I Want To Believe: Introduction

I can remember my first class in grad school, Intro to Counseling, almost a decade ago. I remember fidgeting with a brand new ink pen, tapping it against a pristine 3-subject notebook I’d just bought as I hungrily devoured my professor’s words. 

“A lot of people will question whether they want to talk to you. They live with the mindset that if you don’t talk about your personal issues, you will be able to get over whatever you’re going through,” she said.

That mindset remains ubiquitous. Publicly, if you’re asked how you’re doing, you’re expected to answer positively. No one wants to hear otherwise. Only monogrammed-throw-pillow-worthy phrases are allowed in polite society. Vulnerability is pretty much a requirement for connection, but genuineness and honesty don’t factor when it comes to conversations suitable for a dinner party. So we hide the hard stuff in our lives, and we feel more and more alone.

That’s why, at the Sick Pilgrim blog, we’ve talked about a lot of things that wouldn’t be deemed suitable in esteemed company: we’ve had essays on depression, suicide, miscarriage, grief, addictionself-harm, and a series on struggling with the practice of NFP.

We aren’t interested in being polite at dinner parties. We’re interested in accompanying each other, in really seeing each other.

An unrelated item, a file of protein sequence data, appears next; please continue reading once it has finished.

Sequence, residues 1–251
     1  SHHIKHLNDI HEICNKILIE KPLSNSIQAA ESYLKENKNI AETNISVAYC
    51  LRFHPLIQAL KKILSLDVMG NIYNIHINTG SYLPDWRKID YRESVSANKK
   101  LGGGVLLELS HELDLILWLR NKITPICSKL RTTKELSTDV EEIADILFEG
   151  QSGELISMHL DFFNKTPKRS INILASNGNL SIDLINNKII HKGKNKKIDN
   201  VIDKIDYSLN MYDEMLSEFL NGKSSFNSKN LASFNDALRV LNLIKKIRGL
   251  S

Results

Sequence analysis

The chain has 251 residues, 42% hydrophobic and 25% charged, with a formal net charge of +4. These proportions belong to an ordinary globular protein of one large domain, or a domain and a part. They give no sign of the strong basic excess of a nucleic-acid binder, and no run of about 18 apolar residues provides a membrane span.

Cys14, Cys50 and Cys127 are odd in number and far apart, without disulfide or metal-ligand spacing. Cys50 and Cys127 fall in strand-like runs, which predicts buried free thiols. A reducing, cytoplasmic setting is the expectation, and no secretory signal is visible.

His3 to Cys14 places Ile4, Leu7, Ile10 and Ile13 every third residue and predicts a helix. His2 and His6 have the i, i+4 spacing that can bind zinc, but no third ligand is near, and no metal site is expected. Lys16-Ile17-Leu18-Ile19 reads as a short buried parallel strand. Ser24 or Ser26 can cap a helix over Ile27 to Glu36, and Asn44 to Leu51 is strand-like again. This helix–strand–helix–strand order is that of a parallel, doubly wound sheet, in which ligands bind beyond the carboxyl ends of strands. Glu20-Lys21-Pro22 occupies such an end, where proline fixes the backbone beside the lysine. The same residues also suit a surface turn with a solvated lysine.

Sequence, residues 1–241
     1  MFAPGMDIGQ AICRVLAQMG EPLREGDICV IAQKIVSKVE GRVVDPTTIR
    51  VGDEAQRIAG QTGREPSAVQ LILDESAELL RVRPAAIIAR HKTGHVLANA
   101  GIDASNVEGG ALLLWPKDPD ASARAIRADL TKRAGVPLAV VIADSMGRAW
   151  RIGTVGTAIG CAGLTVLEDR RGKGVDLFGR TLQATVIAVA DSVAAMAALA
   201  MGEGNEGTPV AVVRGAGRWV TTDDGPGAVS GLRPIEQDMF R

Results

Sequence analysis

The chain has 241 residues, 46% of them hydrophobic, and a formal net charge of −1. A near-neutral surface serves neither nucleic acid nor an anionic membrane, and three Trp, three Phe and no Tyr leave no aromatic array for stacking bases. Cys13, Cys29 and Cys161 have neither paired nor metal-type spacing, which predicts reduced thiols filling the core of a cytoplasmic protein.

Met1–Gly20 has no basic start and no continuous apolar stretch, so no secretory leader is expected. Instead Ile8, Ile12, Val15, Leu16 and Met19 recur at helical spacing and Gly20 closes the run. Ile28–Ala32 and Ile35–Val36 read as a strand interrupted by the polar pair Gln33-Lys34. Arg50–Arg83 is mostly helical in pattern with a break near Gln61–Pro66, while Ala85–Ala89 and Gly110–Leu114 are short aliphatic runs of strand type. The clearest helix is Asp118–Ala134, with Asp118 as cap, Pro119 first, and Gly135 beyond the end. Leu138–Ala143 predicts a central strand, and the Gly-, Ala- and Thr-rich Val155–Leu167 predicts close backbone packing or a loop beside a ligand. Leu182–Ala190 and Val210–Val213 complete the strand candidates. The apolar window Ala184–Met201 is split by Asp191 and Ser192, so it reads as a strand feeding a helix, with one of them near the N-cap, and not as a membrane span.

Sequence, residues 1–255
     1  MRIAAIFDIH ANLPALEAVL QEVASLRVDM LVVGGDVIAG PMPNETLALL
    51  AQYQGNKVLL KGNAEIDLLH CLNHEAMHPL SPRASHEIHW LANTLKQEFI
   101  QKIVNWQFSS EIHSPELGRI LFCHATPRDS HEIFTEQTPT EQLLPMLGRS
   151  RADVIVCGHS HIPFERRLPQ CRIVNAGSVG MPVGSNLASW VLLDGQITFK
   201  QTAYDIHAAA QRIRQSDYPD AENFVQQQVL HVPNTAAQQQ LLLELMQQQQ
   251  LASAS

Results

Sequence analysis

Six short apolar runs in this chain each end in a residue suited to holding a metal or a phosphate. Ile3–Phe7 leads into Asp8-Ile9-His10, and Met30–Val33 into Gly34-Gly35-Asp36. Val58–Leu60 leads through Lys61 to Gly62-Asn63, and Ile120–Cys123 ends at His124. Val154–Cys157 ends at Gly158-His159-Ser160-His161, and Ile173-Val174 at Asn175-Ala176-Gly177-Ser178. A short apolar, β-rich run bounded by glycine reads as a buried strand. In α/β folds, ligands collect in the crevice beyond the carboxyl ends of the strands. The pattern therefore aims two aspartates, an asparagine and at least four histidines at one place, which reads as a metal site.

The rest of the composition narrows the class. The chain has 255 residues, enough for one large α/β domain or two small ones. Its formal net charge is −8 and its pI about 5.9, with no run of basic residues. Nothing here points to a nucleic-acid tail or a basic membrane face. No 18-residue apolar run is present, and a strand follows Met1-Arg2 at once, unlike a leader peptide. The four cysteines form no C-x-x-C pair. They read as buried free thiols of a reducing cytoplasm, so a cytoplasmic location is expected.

The blog doesn’t pride itself on brokenness, but we do prize honesty. We aren’t saints. We need healing. We know we’re sick, and we’re trying to get a little closer to God with every post.

But I’m going to be dead honest here. We have, in many ways, failed at exactly that.

When the blog started, I’m not sure what we expected would become of our faith lives. I think we assumed that radical honesty and spiritual accompaniment would make the road of belief a little easier to walk. In some ways, that’s been true. We’ve made friendships and established collaborations here that have changed our lives for the better. We feel less alone. But we’ve also, three years in, read so many stories of spiritual abuse in our church–and experienced such personal and professional betrayals–that the road of faith has only gotten more perilous.

Truth: Just among our administrative team, two of us have stopped going to Mass, and another is now going to an LGBTQ-affirming Episcopal church with a woman priest. But we’ve hesitated to talk about our respective crises of Catholicism on the blog.

Why? Why haven’t we been talking about the very real problems that are shaking our faith right now? That’s one of our reasons for being–to let people in spiritual crises know they aren’t alone. And yet we’ve been cowering from the task.

I think we’ve worried that our personal doubts might lead people astray. Which, to be honest again, is pretty arrogant of us.

So we’ve launched this new series, and we’re going to do what we do best–that ol’ uncomfortable honesty. Because we really do think it’s the best policy. And we really don’t want to lose our faith. We want to believe. 

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